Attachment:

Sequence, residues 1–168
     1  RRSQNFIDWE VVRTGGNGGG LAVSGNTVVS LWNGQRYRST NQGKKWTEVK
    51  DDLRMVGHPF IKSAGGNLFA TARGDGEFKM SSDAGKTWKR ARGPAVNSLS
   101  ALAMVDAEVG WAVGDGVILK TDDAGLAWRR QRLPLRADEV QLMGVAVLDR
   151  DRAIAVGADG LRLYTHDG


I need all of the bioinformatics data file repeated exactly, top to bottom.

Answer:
Sequence, residues 1–168
     1  RRSQNFIDWE VVRTGGNGGG LAVSGNTVVS LWNGQRYRST NQGKKWTEVK
    51  DDLRMVGHPF IKSAGGNLFA TARGDGEFKM SSDAGKTWKR ARGPAVNSLS
   101  ALAMVDAEVG WAVGDGVILK TDDAGLAWRR QRLPLRADEV QLMGVAVLDR
   151  DRAIAVGADG LRLYTHDG